Our new columnist Lucy Dunn begins a series of occasional columns on health matters by asking whether paracetamol really is the best way to treat pain.

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Paracetamol: the apparent ‘cure’ for headache, muscle pain, infection, hangover – the list is extensive. But what actually are painkillers? And do they always ‘kill’ pain?

Could routinely taking painkillers cause more harm than good? Could some of us develop a tolerance, meaning they work less each time? Could others fall into the trap of addiction?

For a medication so frequently used, it’s interesting to wonder if there are consequences.

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Paracetamol reduces pain but also has a special ability to fix fever. It’s brilliant in viral infections, calming the detestable hot-cold sweats the cold and flu bring. It’s also taken for headaches, mild joint or muscle pain and period cramps.

But, as with everything, there are risks: very high doses of paracetamol can result in liver damage and sometimes even severely painful death. Long-term use of paracetamol has been reported by studies to increase the risk of internal bleeding, kidney damage and even heart attack. Some headaches are caused by excessive paracetamol use.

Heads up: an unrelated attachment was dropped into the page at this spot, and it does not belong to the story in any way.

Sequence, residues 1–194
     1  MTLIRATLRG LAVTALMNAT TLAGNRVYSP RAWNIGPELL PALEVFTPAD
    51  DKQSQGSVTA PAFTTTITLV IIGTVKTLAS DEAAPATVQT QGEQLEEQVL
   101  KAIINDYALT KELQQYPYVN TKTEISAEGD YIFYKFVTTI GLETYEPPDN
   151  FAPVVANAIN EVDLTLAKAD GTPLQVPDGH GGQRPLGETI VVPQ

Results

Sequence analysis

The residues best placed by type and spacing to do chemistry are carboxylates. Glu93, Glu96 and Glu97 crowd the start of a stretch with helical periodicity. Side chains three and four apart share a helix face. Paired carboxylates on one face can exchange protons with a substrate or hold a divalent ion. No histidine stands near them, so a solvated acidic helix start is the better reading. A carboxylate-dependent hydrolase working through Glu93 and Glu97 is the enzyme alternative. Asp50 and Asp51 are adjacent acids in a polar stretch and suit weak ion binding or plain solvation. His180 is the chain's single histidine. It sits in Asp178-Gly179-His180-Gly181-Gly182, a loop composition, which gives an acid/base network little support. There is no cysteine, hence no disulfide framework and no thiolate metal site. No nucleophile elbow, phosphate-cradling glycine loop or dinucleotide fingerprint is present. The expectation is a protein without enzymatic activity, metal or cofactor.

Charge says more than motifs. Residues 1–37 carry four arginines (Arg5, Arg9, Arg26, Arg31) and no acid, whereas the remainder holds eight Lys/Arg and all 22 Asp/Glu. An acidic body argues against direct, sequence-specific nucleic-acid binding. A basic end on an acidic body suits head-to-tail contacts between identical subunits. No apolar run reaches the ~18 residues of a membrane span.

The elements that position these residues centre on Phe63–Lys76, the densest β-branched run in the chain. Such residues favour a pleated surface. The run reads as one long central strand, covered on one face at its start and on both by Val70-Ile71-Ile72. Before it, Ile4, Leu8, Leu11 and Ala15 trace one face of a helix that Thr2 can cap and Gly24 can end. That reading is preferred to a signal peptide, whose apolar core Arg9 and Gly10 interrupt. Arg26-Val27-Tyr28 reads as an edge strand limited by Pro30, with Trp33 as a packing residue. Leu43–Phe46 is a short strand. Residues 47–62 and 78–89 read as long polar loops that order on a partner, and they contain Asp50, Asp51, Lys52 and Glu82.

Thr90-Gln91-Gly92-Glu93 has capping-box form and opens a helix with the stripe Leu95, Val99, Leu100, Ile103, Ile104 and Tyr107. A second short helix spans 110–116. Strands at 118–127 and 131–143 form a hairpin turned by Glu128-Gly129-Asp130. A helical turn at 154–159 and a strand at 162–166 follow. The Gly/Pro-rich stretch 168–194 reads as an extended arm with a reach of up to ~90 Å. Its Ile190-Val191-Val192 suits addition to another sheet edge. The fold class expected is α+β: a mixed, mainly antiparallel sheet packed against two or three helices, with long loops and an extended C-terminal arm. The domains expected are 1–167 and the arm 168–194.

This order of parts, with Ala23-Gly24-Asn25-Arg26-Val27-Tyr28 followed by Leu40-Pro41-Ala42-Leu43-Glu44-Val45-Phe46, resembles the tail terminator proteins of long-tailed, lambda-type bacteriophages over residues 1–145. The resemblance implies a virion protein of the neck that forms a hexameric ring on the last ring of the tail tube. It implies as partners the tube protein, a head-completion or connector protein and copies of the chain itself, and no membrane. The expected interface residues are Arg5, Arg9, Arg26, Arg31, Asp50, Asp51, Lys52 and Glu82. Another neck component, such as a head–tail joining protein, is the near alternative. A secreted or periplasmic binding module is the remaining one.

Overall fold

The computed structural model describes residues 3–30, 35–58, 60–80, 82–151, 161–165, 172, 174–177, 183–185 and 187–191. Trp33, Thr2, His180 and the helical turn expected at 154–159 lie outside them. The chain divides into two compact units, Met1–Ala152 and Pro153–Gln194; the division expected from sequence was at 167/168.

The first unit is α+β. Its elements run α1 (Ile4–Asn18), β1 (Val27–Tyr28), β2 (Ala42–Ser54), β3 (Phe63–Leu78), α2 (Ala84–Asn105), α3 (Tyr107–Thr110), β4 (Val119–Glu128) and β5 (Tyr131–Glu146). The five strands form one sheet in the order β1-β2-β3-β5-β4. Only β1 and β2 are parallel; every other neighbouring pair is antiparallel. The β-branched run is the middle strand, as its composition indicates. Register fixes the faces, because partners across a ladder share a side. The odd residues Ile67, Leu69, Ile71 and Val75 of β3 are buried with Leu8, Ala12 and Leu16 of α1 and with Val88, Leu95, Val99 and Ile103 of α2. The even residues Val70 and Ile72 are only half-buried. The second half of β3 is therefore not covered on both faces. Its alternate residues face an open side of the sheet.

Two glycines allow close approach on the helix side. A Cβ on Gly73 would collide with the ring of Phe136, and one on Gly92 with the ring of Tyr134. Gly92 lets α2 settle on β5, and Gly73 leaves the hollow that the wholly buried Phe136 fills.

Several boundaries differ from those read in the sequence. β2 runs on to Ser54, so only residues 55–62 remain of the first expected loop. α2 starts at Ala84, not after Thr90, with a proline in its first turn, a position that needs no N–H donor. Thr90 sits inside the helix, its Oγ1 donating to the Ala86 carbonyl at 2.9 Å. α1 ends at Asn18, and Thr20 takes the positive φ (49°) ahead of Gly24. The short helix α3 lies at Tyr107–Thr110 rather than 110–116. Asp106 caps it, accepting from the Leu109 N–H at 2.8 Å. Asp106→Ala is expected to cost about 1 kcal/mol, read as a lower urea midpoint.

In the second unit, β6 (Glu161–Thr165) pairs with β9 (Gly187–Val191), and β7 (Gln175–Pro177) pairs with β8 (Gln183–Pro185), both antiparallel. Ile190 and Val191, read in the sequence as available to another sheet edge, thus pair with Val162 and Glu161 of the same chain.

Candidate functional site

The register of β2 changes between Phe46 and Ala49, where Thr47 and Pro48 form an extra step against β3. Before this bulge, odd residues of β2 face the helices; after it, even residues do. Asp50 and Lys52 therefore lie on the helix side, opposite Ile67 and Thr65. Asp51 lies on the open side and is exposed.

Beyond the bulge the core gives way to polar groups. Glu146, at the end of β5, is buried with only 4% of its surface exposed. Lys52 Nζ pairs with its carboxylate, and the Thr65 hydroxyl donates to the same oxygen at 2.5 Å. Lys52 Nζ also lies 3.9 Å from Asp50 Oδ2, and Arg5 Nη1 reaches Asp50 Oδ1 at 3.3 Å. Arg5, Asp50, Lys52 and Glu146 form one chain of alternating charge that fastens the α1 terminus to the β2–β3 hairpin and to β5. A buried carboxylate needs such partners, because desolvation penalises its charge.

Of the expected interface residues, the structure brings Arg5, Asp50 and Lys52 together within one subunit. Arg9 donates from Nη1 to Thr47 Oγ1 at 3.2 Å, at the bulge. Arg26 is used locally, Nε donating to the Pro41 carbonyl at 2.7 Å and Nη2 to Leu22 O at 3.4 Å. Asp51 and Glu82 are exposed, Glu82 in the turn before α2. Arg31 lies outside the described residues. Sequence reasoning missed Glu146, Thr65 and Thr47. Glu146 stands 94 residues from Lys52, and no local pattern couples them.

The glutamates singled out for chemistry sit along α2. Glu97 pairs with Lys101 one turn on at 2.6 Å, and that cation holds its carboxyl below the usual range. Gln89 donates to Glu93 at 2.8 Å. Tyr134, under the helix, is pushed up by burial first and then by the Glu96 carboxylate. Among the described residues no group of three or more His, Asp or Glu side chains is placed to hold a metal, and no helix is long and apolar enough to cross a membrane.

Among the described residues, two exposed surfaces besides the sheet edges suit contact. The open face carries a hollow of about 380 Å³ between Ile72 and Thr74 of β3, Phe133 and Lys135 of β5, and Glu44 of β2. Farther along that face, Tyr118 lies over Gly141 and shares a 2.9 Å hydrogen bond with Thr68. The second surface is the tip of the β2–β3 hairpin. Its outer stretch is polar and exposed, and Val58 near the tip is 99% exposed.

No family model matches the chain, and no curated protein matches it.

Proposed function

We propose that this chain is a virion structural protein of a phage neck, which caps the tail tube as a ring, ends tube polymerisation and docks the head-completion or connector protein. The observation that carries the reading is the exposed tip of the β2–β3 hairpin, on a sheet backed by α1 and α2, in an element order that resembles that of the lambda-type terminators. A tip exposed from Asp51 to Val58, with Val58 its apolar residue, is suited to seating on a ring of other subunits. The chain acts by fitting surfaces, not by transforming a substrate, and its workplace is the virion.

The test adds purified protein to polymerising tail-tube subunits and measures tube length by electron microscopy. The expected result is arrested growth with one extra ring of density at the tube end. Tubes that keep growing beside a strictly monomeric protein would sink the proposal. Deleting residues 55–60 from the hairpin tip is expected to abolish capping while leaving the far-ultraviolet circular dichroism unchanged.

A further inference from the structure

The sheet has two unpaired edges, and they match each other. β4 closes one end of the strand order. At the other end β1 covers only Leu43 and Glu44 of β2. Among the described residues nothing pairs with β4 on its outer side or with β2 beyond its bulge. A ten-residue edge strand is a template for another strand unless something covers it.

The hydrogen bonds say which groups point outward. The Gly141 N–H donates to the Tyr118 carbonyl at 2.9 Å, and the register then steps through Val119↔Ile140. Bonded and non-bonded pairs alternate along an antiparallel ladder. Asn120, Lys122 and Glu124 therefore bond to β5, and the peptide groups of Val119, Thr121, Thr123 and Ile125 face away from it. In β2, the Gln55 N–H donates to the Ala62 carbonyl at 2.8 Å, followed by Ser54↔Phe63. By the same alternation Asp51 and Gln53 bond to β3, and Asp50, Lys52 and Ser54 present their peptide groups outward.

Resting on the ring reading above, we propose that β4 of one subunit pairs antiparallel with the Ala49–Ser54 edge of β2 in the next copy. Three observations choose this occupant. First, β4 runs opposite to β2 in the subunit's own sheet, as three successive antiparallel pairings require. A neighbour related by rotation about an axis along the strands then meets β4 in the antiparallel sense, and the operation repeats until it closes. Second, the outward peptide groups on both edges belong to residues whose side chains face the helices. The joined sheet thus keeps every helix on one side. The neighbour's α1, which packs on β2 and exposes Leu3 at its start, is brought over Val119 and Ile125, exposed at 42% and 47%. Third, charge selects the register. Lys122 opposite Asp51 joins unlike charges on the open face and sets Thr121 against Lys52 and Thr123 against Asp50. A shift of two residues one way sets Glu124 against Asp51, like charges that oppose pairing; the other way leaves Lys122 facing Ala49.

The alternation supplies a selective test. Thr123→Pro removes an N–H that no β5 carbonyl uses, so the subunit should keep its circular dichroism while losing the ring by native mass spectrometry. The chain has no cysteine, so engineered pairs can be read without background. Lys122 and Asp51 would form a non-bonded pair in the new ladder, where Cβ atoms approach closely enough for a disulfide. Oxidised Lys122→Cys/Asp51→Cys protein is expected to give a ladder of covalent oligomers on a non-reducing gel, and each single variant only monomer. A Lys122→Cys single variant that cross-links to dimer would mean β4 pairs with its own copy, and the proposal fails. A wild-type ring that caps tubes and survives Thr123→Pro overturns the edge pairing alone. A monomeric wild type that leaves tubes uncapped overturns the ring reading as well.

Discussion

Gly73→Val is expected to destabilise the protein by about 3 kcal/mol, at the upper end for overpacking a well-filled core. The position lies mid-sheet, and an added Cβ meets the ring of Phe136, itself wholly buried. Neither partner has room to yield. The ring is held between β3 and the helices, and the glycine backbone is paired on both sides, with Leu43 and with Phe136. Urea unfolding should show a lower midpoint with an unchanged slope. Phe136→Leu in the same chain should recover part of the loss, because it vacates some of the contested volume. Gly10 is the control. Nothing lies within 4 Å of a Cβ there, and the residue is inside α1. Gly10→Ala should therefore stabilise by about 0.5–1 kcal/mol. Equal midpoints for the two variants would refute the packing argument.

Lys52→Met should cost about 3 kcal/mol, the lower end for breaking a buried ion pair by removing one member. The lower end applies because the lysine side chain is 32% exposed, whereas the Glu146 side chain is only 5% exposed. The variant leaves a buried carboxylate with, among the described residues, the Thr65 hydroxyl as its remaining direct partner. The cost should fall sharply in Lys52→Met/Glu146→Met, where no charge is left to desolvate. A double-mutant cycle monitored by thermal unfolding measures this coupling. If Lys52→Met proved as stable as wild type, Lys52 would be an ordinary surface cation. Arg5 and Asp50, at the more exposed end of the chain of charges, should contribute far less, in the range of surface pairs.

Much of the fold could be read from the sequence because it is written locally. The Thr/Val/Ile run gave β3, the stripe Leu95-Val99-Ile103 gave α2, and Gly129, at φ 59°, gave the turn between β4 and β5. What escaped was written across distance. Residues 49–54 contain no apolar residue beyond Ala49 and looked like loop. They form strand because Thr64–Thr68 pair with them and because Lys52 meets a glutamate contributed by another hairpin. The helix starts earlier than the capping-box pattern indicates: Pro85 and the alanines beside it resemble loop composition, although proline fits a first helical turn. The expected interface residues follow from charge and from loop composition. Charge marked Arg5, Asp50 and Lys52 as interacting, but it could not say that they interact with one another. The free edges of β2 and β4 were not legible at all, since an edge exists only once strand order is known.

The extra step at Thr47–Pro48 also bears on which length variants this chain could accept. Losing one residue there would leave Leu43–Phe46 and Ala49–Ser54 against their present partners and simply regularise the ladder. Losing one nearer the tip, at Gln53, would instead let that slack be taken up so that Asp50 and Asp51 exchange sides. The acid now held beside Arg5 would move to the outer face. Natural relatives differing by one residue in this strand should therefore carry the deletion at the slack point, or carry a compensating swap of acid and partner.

All this doesn’t mean that paracetamol should be avoided – however it is important to think twice about whether the pain you have truly is unbearable enough to warrant it.

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How can we reduce our use of painkillers? Figuring out the source and cause of the pain is crucial.

Triggers for headaches include certain types of food, alcohol, lack of sleep, dehydration or stress. Muscle and joint discomfort can often be eased by certain movements, and it’s important to consider: is there any way that you could sleep differently, sit differently or do more exercise?

Taking the time yourself, or with a doctor, to analyse your situation can be helpful in preventing reoccurrence of pain and unnecessary use of painkillers.

Whilst not all pain can be managed without meds, it is interesting that those same medications can actually inflame a problem rather than soothe it.

Reaching straight for the paracetamol is an easy option, but it may only be a short-term fix. Figuring out the root of the cause enables you to deal directly with the issue: ultimately a more effective method of pain relief.